In Istanbul, undocumented waste pickers, primarily Afghan migrants, face increased risks due to recent immigration raids. These raids, conducted by riot police, have led to arrests and deportations, with officials citing unsanitary conditions. Critics argue the raids aim to reduce competition for private recycling companies. The article highlights the harsh working conditions and exploitation within the waste picking industry, including child labor. It also discusses global trends in waste management, noting that some countries, like Colombia, have successfully integrated waste pickers into formal systems.

'Waste pickers' in Istanbul are being targeted for deportation

01 Jan 2022  |  KTEP
In Istanbul, waste pickers, primarily undocumented Afghan migrants, face increased risks due to recent immigration raids. These raids, justified by officials as addressing unsanitary conditions, are seen by some as efforts to reduce competition for private recycling companies. The waste picking industry, rife with child labor and low pay, is a last resort for many migrants. Experts suggest that governments often use poor conditions to outlaw waste pickers, while some countries like Colombia have successfully integrated them into formal systems.

10 embassies call for Turkey to release imprisoned civil society leader Osman Kavala

28 Oct 2021  |  ktep.org
Osman Kavala, a Turkish civil society leader imprisoned for four years, has become the focal point of a diplomatic crisis between Turkey and NATO allies. Ten embassies, including the U.S., have demanded his release, leading to Turkish President Erdogan threatening to expel the ambassadors, although he later retracted the threat. Kavala's work with the Open Society Foundation and his advocacy for dialogue and diversity have been cited as reasons for his imprisonment on charges of espionage and organizing protests, which he denies. Despite an acquittal and the European Court of Human Rights ordering his release, Turkish authorities have not complied. Kavala's next hearing is on November 26, which he plans to boycott, doubting the possibility of a fair trial.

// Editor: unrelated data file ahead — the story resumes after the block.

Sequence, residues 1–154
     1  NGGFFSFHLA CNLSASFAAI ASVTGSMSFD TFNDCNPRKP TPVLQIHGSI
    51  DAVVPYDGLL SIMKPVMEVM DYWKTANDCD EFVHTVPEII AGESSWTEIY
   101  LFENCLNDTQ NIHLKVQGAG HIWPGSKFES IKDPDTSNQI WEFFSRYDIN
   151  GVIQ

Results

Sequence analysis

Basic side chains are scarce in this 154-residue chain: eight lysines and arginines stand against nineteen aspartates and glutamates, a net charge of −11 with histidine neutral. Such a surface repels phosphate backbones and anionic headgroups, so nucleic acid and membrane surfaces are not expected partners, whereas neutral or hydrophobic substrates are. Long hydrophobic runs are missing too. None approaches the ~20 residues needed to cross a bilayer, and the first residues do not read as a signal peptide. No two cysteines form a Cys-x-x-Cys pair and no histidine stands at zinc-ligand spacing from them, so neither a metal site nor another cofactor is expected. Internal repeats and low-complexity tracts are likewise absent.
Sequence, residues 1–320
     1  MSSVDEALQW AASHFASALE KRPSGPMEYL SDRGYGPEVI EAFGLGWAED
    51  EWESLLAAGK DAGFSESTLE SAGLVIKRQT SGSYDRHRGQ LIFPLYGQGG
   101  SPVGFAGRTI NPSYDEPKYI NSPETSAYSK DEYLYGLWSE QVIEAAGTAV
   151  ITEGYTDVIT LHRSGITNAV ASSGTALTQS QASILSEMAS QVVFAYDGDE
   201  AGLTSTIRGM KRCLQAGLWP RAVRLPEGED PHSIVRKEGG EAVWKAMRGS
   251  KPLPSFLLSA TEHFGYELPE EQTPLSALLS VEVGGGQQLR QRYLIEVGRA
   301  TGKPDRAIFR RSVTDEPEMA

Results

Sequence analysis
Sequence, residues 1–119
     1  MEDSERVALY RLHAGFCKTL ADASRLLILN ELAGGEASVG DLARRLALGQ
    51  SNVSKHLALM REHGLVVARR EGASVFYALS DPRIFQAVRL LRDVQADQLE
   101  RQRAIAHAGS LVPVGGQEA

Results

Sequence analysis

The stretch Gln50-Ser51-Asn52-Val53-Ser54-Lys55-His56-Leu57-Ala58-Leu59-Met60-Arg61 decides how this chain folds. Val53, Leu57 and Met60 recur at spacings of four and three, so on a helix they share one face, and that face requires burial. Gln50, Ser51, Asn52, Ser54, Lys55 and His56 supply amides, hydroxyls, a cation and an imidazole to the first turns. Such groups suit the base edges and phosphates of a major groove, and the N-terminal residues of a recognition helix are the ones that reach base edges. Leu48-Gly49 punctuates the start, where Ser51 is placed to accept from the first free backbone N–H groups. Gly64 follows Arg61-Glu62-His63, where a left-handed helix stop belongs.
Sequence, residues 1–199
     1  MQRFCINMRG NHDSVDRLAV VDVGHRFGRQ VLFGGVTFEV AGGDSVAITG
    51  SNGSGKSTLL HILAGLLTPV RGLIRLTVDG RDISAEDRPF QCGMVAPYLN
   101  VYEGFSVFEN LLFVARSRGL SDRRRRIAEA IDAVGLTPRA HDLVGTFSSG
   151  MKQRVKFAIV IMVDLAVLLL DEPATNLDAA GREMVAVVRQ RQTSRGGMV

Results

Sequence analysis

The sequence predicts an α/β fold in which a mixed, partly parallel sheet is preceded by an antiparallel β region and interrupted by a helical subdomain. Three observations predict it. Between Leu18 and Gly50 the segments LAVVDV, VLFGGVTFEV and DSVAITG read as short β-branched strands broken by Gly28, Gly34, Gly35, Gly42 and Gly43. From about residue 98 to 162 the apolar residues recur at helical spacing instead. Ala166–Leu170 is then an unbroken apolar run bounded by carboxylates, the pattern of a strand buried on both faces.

10 embassies call for Turkey to release imprisoned civil society leader Osman Kavala

28 Oct 2021  |  KUNR Public Radio
Osman Kavala, a Turkish civil society leader imprisoned for four years, has become the focal point of a diplomatic crisis between Turkey and NATO allies. Ten embassies, including that of the U.S., have called for his release, leading to Turkish President Erdogan threatening to expel the ambassadors, although he later retracted the threat. Kavala, who has been involved in pro-democracy work, faces charges of espionage and involvement in protests and a coup attempt, which he denies. Despite an acquittal and the European Court of Human Rights ordering his release, Turkish authorities have not complied. Kavala's next hearing is on November 26, which he plans to boycott, citing the impossibility of a fair trial.

10 embassies call for Turkey to release imprisoned civil society leader Osman Kavala

28 Oct 2021  |  www.kawc.org
Osman Kavala, a Turkish civil society leader imprisoned for four years, has become the focal point of a diplomatic crisis between Turkey and ten embassies, including the U.S., which have called for his release. Turkish President Recep Tayyip Erdogan initially threatened to expel the ambassadors but later retracted his statement. Kavala, accused of espionage and involvement in protests and a coup attempt, denies the charges, and his lawyer criticizes the lack of evidence. The European Court of Human Rights has ordered his release, but Turkey has not complied, risking suspension from the Council of Europe. Kavala's next hearing is set for November 26, which he plans to boycott, citing the impossibility of a fair trial.